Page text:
On DVD & Blu-Ray: March 22, 2016

Ultimately, The Hunger Games films as well as the books are about sacrifice and that this final installment of the film franchise encapsulates this theme to its fullest while still maintaining a clear narrative drive that is moved along by several exhilarating action sequences allows it to be nothing short of wholly fulfilling. In all honesty, as a reader of the books, I don't know that one could have asked for a better interpretation of the novels. Even in retrospect, the splitting of Mockingjay into two parts now seems a genuine decision rather than a financial one as it allowed more time to fully grasp the multiple changes and conflicts our protagonist, Katniss Everdeen (the ever-steady Jennifer Lawrence), would experience while also allowing plenty of space to develop the idea that both sides of a war use the same kind of propaganda to strike fear into their followers hearts. This development as well as the fact both parts of the Mockingjay films were not shackled by the narrative constraints of the actual games make for a much more involving and complex set of moral decisions and real world repercussions that don't typically apply to young adult literary stories. Whether it be through the casting of the terrific Donald Sutherland as President Snow who makes the overriding threat seem all the more vile as he eloquently executes his intentions of power over the classes of Panem through his politics or the unexpectedly layered Alma Coin (Julianne Moore) that brings about not only an epiphany in Katniss concerning the vicious circle that human beings naturally put themselves in when systems inevitably become corrupted, but also in realizing the necessary differences in the two men in her life that will finally bring about a peaceful decision. As much as The Hunger Games series is about sacrifice it is also about holding true to ideals no matter the sacrifice it takes to keep such principles relevant. Some may counter Katniss with the argument that there is no need to fight for ideals if there will be no one left to carry them on and if that is to be the result it seems Katniss thinks we might not deserve to exist at all. It's a bold statement, one that the films could have easily smoothed over with a toothless and sentimental final act, but instead they embraced the complexities and let them play out in an honest sense only making it all the more interesting to watch come to an end. Full review here. B+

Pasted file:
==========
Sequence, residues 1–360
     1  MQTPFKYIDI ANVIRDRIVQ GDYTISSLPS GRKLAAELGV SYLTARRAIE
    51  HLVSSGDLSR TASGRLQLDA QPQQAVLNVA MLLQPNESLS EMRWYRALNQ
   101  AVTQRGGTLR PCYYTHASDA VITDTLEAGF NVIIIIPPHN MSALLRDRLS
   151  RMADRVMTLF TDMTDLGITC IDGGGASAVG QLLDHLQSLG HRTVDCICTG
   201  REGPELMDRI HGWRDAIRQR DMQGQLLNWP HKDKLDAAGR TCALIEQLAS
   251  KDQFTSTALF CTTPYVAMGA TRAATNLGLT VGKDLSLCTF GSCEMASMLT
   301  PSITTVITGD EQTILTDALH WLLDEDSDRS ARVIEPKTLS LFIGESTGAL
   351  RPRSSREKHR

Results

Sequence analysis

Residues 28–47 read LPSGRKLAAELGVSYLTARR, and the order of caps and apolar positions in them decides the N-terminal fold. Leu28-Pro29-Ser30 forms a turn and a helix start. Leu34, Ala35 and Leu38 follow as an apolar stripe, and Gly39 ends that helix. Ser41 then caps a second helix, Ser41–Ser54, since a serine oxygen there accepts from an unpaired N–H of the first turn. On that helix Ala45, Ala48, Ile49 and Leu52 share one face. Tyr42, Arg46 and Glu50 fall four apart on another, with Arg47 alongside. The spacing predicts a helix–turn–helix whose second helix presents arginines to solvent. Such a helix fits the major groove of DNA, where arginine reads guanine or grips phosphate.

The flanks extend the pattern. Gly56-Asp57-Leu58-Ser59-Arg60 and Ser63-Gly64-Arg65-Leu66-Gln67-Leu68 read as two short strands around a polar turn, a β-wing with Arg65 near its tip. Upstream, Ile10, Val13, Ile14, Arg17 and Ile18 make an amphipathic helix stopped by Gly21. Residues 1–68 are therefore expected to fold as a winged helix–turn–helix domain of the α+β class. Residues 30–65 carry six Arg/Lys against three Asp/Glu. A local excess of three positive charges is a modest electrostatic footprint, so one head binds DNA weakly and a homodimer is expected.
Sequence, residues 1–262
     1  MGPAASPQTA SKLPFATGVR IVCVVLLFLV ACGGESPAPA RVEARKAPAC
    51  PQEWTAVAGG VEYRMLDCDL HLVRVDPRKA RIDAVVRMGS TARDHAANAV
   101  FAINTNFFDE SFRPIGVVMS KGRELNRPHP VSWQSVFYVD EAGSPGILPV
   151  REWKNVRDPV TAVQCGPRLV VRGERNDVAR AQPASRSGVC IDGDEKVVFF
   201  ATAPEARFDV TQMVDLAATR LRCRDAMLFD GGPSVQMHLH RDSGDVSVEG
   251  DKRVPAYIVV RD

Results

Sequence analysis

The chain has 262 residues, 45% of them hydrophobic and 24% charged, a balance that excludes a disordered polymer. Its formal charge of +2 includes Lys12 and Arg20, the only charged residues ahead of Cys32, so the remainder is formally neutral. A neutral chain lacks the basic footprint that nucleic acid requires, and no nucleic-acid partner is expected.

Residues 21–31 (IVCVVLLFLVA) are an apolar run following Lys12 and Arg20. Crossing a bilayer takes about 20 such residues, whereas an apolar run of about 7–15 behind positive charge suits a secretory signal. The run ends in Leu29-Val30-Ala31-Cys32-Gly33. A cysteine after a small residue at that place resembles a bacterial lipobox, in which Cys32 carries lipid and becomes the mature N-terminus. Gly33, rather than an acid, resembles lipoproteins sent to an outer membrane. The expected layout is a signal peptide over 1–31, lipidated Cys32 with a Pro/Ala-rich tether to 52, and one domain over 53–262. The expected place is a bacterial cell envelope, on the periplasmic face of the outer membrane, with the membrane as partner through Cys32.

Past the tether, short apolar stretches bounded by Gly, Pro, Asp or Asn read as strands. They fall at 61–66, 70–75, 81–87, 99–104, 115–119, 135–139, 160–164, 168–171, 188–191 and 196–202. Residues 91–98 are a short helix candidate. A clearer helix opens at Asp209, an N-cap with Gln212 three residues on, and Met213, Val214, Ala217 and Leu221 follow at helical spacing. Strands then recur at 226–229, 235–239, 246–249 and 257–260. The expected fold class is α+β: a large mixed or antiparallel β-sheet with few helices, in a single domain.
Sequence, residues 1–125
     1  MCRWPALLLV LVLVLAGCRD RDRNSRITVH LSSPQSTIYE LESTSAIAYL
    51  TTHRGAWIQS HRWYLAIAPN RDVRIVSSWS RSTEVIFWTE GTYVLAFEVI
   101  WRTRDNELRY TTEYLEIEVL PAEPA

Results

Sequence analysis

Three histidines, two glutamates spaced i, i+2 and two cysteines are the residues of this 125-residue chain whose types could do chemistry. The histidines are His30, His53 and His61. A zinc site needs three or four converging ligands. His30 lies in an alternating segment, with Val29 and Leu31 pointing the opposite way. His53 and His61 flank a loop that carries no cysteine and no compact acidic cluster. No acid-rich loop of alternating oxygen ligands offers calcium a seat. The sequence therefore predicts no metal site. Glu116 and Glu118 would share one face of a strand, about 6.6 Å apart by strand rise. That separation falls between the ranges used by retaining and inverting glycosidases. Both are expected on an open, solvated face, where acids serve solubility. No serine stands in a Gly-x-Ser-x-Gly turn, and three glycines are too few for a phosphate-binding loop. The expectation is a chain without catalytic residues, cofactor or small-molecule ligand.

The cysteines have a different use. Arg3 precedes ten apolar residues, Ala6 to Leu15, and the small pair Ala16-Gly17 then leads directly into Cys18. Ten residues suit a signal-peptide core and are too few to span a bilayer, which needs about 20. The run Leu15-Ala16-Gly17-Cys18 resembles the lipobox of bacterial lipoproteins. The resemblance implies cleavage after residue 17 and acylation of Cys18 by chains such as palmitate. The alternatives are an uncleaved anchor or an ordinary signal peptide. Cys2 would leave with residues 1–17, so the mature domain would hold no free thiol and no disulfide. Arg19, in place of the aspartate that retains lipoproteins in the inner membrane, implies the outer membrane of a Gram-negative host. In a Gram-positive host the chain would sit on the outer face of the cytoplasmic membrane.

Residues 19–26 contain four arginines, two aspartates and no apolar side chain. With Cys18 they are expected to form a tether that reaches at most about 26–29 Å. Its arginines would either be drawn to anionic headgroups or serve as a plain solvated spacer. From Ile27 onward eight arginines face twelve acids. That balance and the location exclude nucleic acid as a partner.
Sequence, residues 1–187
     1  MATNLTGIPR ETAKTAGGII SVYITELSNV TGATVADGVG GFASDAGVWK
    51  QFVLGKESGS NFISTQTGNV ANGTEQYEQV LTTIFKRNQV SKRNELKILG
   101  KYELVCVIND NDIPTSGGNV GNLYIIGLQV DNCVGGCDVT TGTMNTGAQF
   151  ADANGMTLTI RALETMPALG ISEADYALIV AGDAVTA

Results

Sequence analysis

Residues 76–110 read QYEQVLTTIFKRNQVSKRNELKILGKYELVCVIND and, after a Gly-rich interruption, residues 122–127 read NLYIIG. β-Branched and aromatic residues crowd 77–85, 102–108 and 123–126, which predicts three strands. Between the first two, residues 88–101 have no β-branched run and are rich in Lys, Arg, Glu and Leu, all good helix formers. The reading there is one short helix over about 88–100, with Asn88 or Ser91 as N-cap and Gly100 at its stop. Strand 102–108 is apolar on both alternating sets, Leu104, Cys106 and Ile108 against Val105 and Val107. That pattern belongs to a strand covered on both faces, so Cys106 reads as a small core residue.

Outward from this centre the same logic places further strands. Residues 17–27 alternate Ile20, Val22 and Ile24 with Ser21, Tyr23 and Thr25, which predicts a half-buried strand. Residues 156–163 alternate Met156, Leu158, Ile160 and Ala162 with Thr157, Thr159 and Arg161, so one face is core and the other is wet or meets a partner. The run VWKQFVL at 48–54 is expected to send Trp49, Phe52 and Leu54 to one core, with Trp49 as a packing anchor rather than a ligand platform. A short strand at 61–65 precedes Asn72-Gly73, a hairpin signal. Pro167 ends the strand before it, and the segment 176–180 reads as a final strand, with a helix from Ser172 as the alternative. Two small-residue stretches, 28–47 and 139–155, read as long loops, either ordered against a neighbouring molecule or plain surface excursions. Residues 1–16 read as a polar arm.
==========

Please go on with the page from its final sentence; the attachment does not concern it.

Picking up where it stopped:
The Other Guys is a brilliant piece of satire that really gave way for director Adam McKay to go in the direction of crafting something like The Big Short. The Other Guys was also helped by the oddball pairing of Will Ferrell and Mark Wahlberg who proved to have almost as much chemistry as Ferrell and John C. Reilly. So, it was natural for the two to want to reunite given their past success, but The Other Guys Daddy's Home is not. This was clear from the beginning. Whereas The Other Guys felt like a film, an actual, real, weighted film with an objective and a structure that felt inspired without being standard, Daddy's Home feels like a rushed job of a couple of funny men getting together and seeing what they can hammer out. Daddy's Home is a movie and one that has seemingly been dropped off the Hollywood assembly line in hopes that it will appeal to enough people to make its money back on the broad appeal of Ferrell and Wahlberg. There is nothing particularly insightful about the picture, there isn't even anything particularly funny to the point I'll remember it tomorrow and the product placement is so abhorrently obvious the whole thing might as well be a commercial, but beyond these heavy complaints lies a movie that still stars the likes of Ferrell and Wahlberg. Both are very likable guys with a supporting cast that includes the always-pleasant Linda Cardellini, the outrageous Thomas Haden Church, a surprisingly funny extended piece enlivened by Hannibal Burress and, of course, a couple of cute kids saying inappropriate things. Given these factors, despite the sub par script and despite the fact the film has little to no visual flair, Daddy's Home comes out the other end being rather enjoyable for what it is. It is a movie one can put on in the background and still keep up with if the need to do other things arises while at the same time guaranteeing a couple of chuckles from friends or family that might also be in the vicinity. Daddy's Home goes a long way on the charm of its cast making the product as a whole more endearing than it appears on first glance. Full review here. C

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